Old 06-28-2011
dshen dshen is offline
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Quote:
Originally Posted by yann View Post
Simply focusing on relaxed shoulder enabled me to swim 1500m without stopping yesterday. It might not seem extraordinary, but it is for my as my maximum was 300m...
AWESOME! relaxation is the key to long distance swimming and to prevent your muscles from unnecessarily getting overtired and wiped out which will lead to injury over time.

Quote:
Originally Posted by yann View Post
Concerning your other point, I've already identified this but couldn't figure out how to solve it. On one side you need to have a streamlined body position. I understand that as sleek and as long as possible. And on the other side, I feel that if I extend too much my arm, my shoulder is in an unstable position and I tend to have my arm not being in front of my shoulder. It also tends to narrow my tracks, but it seems to be a sensitive subject.

So according to your comment I think the solution is somewhere in the middle possibly swimmer's anatomy dependent.
I wanted to answer some of the comments on wide vs. narrow spear with this.

TI is a teaching methodology that takes beginners to as far as they want. Over the years, terry and company have figured out the best ways to teach swimming and it is very much like "you must learn to walk before you can run". Some people are beginners and need to start with the basics and therefore wider and deeper spears to fix other more basic things like balance in the water.

Once you get proficient in the basics, then you'll find that your spearing starts becoming a bit more narrow and less deep; after all, the more frontal area you expose via the front of your arm to the oncoming water means more resistance than if you were spearing to a higher, more shallow point.

However, as you get faster and work with a tempo trainer, you'll find that you are adjusting things still simply to keep up to a higher tempo, like NOT extending so much forward so that you can make the next beep, or if you get tired and you want to make the next beep, you start shortening your spear and how far you stroke back before recovery. Even during a swim, your energy level will vary and your spear's width and depth will sometimes vary also. It will even also vary by water conditions especially in open water where the waves will unbalance you and you'll find that a different width/depth of spear will give you greater balance.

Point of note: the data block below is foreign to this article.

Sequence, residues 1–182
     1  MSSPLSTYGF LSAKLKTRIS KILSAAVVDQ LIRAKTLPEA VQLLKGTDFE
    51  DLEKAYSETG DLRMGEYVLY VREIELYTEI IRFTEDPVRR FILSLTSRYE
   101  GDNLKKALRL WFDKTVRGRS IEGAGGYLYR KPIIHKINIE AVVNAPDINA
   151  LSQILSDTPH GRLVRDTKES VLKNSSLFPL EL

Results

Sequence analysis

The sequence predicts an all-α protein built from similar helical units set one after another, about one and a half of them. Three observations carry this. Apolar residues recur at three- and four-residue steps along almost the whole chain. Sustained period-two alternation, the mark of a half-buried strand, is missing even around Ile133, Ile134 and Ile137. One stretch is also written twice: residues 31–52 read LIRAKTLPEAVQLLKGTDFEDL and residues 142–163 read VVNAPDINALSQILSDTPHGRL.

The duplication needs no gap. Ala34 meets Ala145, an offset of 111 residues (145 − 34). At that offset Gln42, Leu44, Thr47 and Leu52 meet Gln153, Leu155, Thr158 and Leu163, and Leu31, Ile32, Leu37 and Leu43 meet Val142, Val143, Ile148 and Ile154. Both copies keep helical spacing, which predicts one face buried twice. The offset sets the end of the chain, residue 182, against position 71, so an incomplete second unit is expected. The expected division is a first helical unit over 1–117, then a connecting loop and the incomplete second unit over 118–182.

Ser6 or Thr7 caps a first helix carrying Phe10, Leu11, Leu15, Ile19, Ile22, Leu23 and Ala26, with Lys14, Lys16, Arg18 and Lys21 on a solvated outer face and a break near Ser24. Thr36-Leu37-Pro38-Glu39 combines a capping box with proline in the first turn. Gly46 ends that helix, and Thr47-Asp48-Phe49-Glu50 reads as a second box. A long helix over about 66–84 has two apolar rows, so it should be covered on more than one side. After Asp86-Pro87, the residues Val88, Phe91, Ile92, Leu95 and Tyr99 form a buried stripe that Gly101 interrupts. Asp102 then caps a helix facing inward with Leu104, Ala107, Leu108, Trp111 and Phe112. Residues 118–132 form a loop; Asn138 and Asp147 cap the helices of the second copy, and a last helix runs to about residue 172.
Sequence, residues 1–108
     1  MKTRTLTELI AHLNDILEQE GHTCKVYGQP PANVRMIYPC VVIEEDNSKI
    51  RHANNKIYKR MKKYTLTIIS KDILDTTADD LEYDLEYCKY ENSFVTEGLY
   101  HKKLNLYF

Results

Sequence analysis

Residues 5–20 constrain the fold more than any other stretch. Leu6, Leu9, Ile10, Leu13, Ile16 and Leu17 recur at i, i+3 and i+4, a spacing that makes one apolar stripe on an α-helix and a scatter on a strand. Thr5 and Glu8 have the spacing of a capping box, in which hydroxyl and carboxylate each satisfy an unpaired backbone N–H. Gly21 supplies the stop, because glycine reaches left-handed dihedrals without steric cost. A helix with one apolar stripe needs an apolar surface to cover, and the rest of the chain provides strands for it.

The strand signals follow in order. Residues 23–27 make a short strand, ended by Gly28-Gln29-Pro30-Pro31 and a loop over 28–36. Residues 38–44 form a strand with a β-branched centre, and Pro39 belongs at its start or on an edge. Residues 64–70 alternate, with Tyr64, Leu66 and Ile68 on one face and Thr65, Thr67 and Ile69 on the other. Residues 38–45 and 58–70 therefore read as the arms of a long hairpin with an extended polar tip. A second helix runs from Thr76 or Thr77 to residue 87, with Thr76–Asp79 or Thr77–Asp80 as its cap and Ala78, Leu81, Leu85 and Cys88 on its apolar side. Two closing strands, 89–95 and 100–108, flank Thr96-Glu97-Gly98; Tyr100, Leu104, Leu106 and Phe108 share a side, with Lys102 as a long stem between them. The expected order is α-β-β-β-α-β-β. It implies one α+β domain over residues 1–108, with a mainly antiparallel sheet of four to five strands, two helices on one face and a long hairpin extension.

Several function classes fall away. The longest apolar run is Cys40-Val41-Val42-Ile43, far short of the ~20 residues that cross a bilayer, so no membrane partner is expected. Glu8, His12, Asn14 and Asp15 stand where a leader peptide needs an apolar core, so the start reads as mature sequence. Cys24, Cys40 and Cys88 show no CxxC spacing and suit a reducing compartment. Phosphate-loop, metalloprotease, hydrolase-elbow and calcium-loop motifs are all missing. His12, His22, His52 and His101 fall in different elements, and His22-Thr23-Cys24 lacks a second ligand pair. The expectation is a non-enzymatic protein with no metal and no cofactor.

Then you'll want to try EVF to get even more efficient and faster and then you'll find a new set of challenges to face in your body, muscles, and nervous system. So yes it's nice to see how Michael Phelps and company are swimming as elites, but we also have to remember they've been swimming for a LOT longer and a LOT more often than most of us do, because it's their occupation - imagine if we could spend 8 hours a day, 40 hours a week in the pool like we do with our jobs. Would we advance faster in our mastery? Of course!

No matter what it takes time to get there and some of us may be able to advance faster and others cannot. It is not a matter of saying TI is wrong in this or that - it is more that TI is a method of learning swimming that moves your through systematic mastery of steps leading up to a Michael Phelps-ian style EVF, while training your body/muscles/nervous system to master the movements with less chance of injury. Some of us will move through the system faster, others need more time. And frustratingly, some of us will move through some particular aspects faster, but other aspects take a lot longer (like me, who has better spear/coordination on my right side, but left side is much worse! very frustrating to have a right side that learns faster than my left!)

But if extending really far forward is aggravating your shoulders now, then practice swimming extending not so far to save your shoulders until they stop hurting. You may find that if you master your hip connection/2BK with even a not so extended spear, you may even shoot yourself forward with greater speed than focusing solely on getting your arm out there in front further.

Play with how far forward you spear, along with your hip connection and 2BK. Play also with spearing deeper, and wider - try dividing the spear target point into 3 targets in both depth and width: for depth it is deep, medium depth, shallow (and maybe even one more, horizontal which by the way is harder to achieve than you think); for width, it is narrow, medium, and wide.

Observe the results. see which one works best for you. see if you can pick a depth/width combination and maximize your forward velocity focusing on maintaing that combonation of depth/width.

Quote:
Originally Posted by yann View Post
"Know thyself" (including your anatomy possibilities!)

Thanks for your insights!

Yann
keep us posted on your progress!